Puerto Rico private sector urges Executive, Legislative to ‘execute’ in ’22
The Puerto Rico Chamber of Commerce (CofC, in Spanish) asked the government — both the Executive and Legislative branches — the schedule to begin “executing” to move from recovery to economic growth, said Luis Gierbolini, president of the private sector trade group.
In his statement, Gierbolini said Puerto Rico must move to resolve the issues that are hindering economic development:
- A deficient permit system that does make new investment attractive;
- A weak and expensive electric power service;
- A labor market destabilized by improvised changes without viable economic analyzes;
- An inventory tax that does not allow mobility in the supply chain or transportation; and,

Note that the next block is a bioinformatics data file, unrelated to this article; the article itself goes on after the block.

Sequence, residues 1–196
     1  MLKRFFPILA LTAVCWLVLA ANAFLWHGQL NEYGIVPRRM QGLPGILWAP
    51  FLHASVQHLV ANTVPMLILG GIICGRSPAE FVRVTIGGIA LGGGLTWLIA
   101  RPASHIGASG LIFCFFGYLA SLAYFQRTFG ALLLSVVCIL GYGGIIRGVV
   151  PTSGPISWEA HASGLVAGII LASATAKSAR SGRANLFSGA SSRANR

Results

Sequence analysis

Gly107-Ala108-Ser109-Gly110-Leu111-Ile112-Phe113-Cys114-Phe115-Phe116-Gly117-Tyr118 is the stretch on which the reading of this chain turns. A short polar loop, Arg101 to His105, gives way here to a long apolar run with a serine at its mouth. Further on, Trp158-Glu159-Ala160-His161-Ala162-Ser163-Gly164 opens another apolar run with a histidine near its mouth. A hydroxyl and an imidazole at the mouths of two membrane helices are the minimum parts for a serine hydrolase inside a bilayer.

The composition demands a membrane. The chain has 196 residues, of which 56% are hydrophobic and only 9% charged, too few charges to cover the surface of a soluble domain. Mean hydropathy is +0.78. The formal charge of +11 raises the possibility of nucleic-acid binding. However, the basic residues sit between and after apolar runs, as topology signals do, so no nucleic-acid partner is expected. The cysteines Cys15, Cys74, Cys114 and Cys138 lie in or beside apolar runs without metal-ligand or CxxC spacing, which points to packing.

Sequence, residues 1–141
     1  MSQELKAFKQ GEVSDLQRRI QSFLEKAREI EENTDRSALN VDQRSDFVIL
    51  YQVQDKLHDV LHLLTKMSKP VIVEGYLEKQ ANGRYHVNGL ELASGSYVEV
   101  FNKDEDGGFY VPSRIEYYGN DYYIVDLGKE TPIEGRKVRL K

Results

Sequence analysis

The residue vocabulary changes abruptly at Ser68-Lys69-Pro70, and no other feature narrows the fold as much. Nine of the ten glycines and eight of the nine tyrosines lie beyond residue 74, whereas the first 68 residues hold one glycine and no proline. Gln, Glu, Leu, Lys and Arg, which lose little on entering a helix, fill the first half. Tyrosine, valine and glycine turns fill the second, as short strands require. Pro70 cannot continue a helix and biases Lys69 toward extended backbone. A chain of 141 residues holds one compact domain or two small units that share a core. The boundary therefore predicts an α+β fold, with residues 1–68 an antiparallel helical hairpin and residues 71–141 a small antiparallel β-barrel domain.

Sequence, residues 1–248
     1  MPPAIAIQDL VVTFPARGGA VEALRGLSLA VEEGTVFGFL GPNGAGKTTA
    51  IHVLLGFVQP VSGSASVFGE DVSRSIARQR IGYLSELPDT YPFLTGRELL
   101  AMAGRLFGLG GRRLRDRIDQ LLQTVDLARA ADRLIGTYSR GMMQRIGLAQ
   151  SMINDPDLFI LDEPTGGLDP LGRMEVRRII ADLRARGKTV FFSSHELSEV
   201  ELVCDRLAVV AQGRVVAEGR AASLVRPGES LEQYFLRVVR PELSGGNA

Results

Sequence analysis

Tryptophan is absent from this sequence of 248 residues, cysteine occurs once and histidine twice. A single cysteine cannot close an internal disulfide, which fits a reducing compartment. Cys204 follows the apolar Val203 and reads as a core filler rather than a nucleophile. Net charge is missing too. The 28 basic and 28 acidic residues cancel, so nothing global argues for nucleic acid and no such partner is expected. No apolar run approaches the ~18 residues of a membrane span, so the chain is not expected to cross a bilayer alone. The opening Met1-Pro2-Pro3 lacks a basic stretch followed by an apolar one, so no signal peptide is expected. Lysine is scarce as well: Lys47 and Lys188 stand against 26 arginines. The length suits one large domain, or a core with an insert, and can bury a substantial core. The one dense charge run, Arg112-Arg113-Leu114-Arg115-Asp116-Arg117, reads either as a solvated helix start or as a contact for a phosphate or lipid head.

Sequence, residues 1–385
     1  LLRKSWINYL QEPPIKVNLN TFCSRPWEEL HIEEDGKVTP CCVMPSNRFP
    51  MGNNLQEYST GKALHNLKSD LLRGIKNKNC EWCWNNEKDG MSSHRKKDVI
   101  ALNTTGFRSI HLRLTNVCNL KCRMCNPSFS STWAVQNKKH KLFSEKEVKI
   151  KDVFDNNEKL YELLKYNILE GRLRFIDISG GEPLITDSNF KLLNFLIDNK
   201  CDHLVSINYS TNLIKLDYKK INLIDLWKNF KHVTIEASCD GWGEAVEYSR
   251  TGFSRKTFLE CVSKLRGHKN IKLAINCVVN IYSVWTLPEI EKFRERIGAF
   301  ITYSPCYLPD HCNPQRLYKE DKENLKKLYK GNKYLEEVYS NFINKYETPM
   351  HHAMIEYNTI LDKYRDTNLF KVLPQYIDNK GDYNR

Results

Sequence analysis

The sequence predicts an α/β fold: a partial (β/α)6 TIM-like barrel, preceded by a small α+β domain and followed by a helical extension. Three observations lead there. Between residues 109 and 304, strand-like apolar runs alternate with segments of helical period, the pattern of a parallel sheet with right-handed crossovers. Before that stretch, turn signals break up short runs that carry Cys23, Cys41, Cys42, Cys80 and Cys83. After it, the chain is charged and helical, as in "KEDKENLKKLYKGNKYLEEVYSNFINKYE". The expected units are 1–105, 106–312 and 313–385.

- A stagnant recovery that does not contribute to the stability of the markets.
“It is necessary to concentrate government and private efforts on solving the fundamental aspects to improve the climate for doing business in Puerto Rico,” said Gierbolini.
“For example, excessive increases in electricity and constant changes to labor laws are detrimental to sustain a business and even worse to position itself as a destination for private investment,” he said.
The recovery phase must move “quickly so that the available funds can be used properly, impact the Puerto Rican economy and can serve as an economic rebound,” he said.
So far, he said the government has put on breaks that stand in the way of sustained business growth, “we need the wheel to move in the first half of 2022,” said Gierbolini.
The executive also noted that incentives that are rolled out “have to be long-term productive measures and not mere ideas to try to cover the subject lightly.”
Puerto Rico requires a corporate public policy focused on the companies that produce and the entrepreneurs, he added.
“They have the duty to promote the use of public funds in a climate of absolute transparency and accountability,” Gierbolini said.